Jewish eschatology is the area of theology and philosophy concerned with events that will happen in the end of days and related concepts, according to the Hebrew Bible and Jewish thought. This includes the ingathering of the exiled diaspora, the coming of a Jewish Messiah, afterlife, and the revival of the dead Tzadikim. In Judaism, end times are usually called the “end of days” (aḥarit ha-yamim, אחרית הימים), a phrase that appears several times in the Tanakh.
The main tenets of Jewish eschatology are the following,
End of world (before everything as follows).
- God redeems Israel (i.e. the Jewish people) from the captivity that began during the Babylonian Exile, in a new Exodus
- God returns the Jewish people to the Land of Israel
- God restores the House of David and the Temple in Jerusalem
- God creates a regent from the House of David (i.e. the Jewish Messiah) to lead the Jewish people and the world and usher in an age of justice and peace
- All nations recognize that the God of Israel is the only true God
- God resurrects the dead
- God creates a new heaven and a new earth
It is also believed that history will complete itself and the ultimate destination will be reached when all mankind returns to the Garden of Eden.
Most textual requirements concerning the Messiah and his reign are inferred from verses in the Book of Isaiah, although aspects are mentioned in other prophets as well.
- The Sanhedrin will be re-established (Isaiah 1:26)
- Once he is King, leaders of other nations will look to him for guidance (Isaiah 2:4)
- The whole world will worship the One God of Israel (Isaiah 2:17)
- He will be descended from King David (Isaiah 11:1) via King Solomon (1 Chron. 22:8–10)
- The messiah will be a man of this world, an observant Jew with “fear of God” (Isaiah 11:2)
- Evil and tyranny will not be able to stand before his leadership (Isaiah 11:4)
- Knowledge of God will fill the world (Isaiah 11:9)
- He will include and attract people from all cultures and nations (Isaiah 11:10)
- All Israelites will be returned to their homeland (Isaiah 11:12, Zechariah 10:6)
- Death will be swallowed up forever (Isaiah 25:8)
- There will be no more hunger or illness, and death will cease (Isaiah 25:8)
- The dead will rise again (Isaiah 26:19)
- The house of David shall be as God (Zechariah 12:8)
- God will seek to destroy all the nations that go against Jerusalem (Zechariah 12:9, Isaiah 60:12)
- Israel and Judah will be made into one nation again (Zechariah 11:12-14, Ezekiel 37:16-22)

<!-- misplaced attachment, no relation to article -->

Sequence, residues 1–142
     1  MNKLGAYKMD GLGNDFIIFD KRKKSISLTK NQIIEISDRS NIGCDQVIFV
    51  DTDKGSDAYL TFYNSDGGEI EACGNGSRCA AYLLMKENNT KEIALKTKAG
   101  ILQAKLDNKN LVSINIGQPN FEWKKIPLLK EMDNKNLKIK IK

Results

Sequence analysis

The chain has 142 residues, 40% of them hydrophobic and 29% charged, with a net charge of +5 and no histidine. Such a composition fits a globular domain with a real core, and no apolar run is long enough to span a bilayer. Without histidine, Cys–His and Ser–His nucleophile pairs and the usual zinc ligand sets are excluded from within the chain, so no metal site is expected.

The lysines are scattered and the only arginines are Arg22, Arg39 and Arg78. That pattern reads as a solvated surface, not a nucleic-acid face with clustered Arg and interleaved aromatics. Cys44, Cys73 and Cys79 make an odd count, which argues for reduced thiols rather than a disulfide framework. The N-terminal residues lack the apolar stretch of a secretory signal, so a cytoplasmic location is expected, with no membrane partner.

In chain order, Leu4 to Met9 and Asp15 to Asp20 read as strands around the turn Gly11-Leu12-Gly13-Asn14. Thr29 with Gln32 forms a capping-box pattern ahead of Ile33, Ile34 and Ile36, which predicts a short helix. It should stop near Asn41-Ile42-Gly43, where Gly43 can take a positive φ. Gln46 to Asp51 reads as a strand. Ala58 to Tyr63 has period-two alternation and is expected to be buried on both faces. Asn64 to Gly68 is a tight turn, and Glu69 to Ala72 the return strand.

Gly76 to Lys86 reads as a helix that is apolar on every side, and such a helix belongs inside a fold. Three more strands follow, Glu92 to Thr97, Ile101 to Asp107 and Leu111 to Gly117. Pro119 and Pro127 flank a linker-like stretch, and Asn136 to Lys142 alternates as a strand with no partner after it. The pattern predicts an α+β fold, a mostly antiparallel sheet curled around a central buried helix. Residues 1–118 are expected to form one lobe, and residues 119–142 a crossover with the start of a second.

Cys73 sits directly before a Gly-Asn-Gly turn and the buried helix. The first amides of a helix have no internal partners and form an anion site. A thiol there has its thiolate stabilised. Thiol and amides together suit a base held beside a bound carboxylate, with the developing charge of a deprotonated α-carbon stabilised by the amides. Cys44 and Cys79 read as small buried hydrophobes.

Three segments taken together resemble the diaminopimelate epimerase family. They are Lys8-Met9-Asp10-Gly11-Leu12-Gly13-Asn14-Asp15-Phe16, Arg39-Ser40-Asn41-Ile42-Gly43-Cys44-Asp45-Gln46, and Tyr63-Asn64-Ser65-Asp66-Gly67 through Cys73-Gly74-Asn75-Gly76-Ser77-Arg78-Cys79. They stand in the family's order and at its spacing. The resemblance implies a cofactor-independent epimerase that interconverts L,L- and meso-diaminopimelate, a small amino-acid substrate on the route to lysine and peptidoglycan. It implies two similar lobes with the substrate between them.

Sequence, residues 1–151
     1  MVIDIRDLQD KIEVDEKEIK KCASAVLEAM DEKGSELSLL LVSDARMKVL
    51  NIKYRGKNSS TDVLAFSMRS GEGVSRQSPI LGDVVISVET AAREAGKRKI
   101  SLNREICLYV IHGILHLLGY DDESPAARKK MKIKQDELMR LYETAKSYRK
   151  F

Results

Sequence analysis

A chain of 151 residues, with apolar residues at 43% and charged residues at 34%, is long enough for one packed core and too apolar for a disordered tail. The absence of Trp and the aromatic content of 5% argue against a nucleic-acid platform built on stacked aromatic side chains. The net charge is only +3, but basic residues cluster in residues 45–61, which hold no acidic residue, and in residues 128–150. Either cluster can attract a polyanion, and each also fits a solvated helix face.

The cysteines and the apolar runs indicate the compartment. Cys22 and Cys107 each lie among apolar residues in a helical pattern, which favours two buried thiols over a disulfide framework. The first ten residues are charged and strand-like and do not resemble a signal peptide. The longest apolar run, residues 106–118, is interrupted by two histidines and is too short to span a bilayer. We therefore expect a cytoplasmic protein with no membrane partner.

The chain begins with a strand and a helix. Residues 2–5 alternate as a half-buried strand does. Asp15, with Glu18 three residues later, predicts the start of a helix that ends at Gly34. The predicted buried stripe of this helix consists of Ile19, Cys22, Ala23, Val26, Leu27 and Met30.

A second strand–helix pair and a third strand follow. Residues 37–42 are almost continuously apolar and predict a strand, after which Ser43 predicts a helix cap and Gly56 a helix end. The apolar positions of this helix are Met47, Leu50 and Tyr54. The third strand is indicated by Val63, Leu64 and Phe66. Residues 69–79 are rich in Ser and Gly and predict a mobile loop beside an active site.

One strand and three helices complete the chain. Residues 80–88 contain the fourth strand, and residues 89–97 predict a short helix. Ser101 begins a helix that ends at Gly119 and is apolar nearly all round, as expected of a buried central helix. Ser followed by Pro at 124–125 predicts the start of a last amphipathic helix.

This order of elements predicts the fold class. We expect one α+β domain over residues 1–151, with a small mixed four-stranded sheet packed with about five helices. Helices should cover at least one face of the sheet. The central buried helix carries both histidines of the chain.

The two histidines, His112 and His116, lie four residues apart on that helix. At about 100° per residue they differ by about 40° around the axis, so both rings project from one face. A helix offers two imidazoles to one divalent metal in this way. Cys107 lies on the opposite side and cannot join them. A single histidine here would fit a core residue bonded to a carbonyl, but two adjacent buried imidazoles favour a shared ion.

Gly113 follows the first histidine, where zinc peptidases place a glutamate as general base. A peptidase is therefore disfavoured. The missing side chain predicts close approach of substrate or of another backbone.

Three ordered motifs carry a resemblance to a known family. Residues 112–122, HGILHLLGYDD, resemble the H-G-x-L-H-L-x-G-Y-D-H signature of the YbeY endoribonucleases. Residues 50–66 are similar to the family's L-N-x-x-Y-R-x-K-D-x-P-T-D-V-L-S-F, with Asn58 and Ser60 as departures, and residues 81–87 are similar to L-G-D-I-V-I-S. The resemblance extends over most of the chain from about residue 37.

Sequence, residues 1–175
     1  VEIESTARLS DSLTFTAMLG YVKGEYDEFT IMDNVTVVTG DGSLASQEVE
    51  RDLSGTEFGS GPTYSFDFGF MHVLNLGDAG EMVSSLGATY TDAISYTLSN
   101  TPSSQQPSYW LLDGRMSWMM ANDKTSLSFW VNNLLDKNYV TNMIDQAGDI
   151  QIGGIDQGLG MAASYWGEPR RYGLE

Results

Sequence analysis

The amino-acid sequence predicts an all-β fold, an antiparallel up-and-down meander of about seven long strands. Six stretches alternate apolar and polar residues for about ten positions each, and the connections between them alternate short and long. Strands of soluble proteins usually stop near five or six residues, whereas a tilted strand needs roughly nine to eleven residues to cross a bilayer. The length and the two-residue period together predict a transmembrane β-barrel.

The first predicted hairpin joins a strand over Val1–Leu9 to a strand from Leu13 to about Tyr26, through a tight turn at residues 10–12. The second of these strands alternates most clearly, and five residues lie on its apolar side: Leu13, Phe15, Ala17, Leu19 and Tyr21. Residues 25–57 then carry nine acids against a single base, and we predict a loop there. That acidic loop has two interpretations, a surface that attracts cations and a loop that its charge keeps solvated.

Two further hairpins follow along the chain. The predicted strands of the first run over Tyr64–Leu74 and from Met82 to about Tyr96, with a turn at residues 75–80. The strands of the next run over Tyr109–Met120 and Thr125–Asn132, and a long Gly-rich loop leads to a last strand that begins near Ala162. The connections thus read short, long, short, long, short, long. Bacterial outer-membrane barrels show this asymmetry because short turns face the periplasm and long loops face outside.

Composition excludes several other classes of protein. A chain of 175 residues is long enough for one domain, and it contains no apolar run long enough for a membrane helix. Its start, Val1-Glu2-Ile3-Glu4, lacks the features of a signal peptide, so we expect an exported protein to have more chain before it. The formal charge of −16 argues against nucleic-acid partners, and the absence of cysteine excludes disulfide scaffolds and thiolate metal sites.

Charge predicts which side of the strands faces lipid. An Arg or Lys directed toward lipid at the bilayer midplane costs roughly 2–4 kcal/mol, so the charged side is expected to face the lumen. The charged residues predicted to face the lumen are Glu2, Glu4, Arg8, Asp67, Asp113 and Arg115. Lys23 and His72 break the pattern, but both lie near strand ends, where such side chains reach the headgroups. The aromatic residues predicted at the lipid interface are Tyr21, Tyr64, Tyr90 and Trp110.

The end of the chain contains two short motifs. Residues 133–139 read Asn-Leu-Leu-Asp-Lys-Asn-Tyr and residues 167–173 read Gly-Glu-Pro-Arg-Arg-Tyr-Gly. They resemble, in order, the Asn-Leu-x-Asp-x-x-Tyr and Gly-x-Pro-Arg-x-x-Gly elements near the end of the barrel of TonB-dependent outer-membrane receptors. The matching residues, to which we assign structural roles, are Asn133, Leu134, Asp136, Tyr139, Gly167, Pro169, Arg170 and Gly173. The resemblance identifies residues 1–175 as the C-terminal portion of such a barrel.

- The Jewish people will experience eternal joy and gladness (Isaiah 51:11)
- He will be a messenger of peace (Isaiah 53:7)
- Nations will recognize the wrongs they did Israel (Isaiah 52:13–53:5)
- The peoples of the world will turn to the Jews for spiritual guidance (Zechariah 8:23)
- The ruined cities of Israel will be restored (Ezekiel 16:55)
- Weapons of war will be destroyed (Ezekiel 39:9)
- The Temple will be rebuilt (Ezekiel 40) resuming many of the suspended mitzvot (commandments)
- He will then perfect the entire world to serve God together (Zephaniah 3:9)
- He will take the barren land and make it abundant and fruitful (Isaiah 51:3, Amos 9:13–15, Ezekiel 36:29–30, Isaiah 11:6–9)
The Babylonian Talmud, tractate Sanhedrin [98a], contains a long discussion of the events leading to the coming of the Messiah, for example:
R. Johanan said: When you see a generation ever dwindling, hope for him [the Messiah], as it is written, and the afflicted people thou wilt save. R. Johanan said: When thou seest a generation overwhelmed by many troubles as by a river, await him, as it is written, when the enemy shall come in like a flood, the Spirit of the Lord shall lift up a standard against him; which is followed by, and the Redeemer shall come to Zion.
R. Johanan also said: The son of David will come only in a generation that is either altogether righteous or altogether wicked. ‘in a generation that is altogether righteous,’ — as it is written, Thy people also shall be all righteous: they shall inherit the land for ever. ‘Or altogether wicked,’ — as it is written, And he saw that there was no man, and wondered that there was no intercessor;31 and it is [elsewhere] written, For mine own sake, even for mine own sake, will I do it.